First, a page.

Originally Published: January 23, 2013 by remingtoncooney |
I’m back in Vancouver and I must say, this time around I’m feeling unusually overwhelmed by it. Perhaps it’s the sudden change in climate. I went from being in weather above 30 degrees to barely above 0 degrees, in the span of 24 hours. Perhaps it’s the jet-lag; the sensation that part of my being has been left behind and is taking its sweet time to catch up to me. Perhaps it’s the anxiousness and excitement to get new projects off the ground – to continue following my dreams in what still feels to be a fairly foreign land. Whatever it might be, it’s in times like these that concepts that I’ve previously written about, really get put to the test. I think it’s important to mention that I am no master of the things I write about; I am not yet a master of working with the Tao. But I strive to be, and that is why I enjoy writing about it. I’m keeping a log on my progress of finding The Way. You should do this too. You don’t have to write about it, but keep a mental note of what actions feel smooth and harmonious in your heart, and what actions just don’t sit well. It really helps with the numerous choices we are confronted with in day-to-day living.
At this point in my anxiousness, I ask myself, “Well, what are you anxious about?” and the answer comes to me very clearly: I am anxious about the future. I am anxious that the future will not fall into place the way I WANT it to fall into place. Right here you see my rigidity. I have a map in my head of exactly how I want things to pan out, and I’m anxious that it won’t unfold the way I envisage it. This condition is universal, I am sure. Especially for people at my age. Many of us have mapped out our lives down to the finest detail in our heads, and we want to see results that meet this mind-map. But the Taoist does not like such rigidity. For the great sages say, “where is the movement in such stiff living?” How can one become the bamboo shoot in the hurricane if they are holding such rigid ideas in their heads? My projecting into the future has caused me to become the oak tree; hard, rigid. Under external pressure I will snap. So best to just be the bamboo shoot.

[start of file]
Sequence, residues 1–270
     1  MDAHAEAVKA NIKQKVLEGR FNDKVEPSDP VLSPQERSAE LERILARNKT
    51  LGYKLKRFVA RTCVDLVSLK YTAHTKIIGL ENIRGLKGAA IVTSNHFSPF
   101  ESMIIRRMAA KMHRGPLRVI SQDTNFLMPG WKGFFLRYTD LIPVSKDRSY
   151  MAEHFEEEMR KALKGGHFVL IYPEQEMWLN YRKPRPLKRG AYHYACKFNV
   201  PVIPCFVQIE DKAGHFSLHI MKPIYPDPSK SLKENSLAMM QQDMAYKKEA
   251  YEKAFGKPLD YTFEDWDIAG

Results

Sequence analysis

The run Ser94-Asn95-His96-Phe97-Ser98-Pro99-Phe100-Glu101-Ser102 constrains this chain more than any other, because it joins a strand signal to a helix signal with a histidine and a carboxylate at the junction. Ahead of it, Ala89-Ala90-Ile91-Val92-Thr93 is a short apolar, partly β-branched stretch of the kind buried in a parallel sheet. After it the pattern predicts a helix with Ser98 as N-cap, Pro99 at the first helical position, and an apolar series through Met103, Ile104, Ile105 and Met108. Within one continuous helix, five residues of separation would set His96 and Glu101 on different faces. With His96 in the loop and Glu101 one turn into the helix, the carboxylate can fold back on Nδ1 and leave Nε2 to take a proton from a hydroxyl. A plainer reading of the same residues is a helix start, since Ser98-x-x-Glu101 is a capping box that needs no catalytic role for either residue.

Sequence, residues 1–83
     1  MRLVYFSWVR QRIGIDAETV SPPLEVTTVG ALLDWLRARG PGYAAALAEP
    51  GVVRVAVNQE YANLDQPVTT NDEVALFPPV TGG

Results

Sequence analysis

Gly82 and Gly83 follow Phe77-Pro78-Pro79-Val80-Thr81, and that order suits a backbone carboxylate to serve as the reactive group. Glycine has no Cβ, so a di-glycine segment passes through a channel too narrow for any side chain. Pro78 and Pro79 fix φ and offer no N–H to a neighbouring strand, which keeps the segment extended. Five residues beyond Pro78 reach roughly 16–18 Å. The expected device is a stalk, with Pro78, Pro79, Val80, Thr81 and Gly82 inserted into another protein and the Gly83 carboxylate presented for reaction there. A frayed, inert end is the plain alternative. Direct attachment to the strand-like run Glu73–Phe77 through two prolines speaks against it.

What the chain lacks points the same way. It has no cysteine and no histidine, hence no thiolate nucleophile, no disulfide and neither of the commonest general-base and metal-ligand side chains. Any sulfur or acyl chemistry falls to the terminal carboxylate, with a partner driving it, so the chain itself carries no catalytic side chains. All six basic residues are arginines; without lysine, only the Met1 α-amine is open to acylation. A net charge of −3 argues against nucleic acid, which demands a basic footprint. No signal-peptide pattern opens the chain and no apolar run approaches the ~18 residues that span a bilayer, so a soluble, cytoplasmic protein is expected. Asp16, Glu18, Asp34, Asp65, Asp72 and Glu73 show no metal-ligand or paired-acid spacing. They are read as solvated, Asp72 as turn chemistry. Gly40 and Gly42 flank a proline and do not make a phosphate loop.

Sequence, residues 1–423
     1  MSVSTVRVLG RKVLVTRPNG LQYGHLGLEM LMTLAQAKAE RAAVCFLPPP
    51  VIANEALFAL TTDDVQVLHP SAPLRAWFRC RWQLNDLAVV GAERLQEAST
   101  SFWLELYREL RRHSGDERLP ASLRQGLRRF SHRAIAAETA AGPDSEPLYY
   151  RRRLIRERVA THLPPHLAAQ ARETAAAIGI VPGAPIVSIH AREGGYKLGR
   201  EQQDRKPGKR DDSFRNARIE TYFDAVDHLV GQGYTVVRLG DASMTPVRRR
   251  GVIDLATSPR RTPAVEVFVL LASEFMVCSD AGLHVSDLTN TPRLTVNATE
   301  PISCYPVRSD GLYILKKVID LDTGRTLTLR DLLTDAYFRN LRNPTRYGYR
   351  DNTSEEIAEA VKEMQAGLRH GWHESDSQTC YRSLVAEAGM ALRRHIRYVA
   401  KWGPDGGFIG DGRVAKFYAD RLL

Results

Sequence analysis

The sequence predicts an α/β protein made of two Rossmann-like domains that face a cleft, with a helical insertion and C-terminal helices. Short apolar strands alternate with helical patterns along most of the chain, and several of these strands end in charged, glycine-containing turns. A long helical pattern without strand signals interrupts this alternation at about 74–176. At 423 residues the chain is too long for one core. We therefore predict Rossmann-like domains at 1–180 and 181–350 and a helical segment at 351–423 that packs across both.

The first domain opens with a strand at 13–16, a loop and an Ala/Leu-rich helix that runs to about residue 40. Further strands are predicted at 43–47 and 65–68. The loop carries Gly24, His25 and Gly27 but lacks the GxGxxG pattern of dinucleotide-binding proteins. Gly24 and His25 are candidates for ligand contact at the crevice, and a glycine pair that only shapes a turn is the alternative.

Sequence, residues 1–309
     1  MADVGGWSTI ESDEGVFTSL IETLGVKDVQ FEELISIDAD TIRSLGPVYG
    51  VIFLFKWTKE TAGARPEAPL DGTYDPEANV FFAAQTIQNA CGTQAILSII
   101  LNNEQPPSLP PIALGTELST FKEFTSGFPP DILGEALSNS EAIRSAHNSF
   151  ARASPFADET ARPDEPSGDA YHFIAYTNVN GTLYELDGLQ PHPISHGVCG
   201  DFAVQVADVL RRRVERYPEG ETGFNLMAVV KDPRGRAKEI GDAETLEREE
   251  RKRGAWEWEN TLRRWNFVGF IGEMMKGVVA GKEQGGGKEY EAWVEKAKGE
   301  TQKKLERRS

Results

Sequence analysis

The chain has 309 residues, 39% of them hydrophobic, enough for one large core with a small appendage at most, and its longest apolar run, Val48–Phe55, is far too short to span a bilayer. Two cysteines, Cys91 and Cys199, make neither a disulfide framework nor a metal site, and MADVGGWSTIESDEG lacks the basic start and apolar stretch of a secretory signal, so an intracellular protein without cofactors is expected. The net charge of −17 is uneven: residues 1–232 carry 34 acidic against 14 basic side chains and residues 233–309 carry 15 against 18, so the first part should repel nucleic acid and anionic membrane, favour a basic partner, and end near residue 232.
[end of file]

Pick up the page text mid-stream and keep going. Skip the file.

To become a bamboo shoot, I must step out of my future projections and be here, now. It’s okay to have goals to aim towards, but they must be reached through the present. I read a lot of books that say all answers exist in being present, but rarely do they give detailed, practical strategies on how one does that. So many Zen masters say, “just sit,” “just be present.” But for those who do not know how, there needs to be some sort of method to start with. For me, it’s following the breath. It’s not simply just breathing because we breath all the time and that doesn’t get us anywhere in times of stress or anxiety. It’s about really following your exhale right to where it drops. One image I like to create in my head goes a little like this:
Imagine your exhale is a river. On this river sits a small boat. As you breath out, follow this boat along the river all the way to where the breath drops. Following the breath to where it drops, is to reach the waterfall at the end of the river. And if your boat can reach this waterfall consistently with each exhale, then the bamboo shoot within you is being deeply nurtured.
Cut down the Oak tree and grow a bamboo shoot.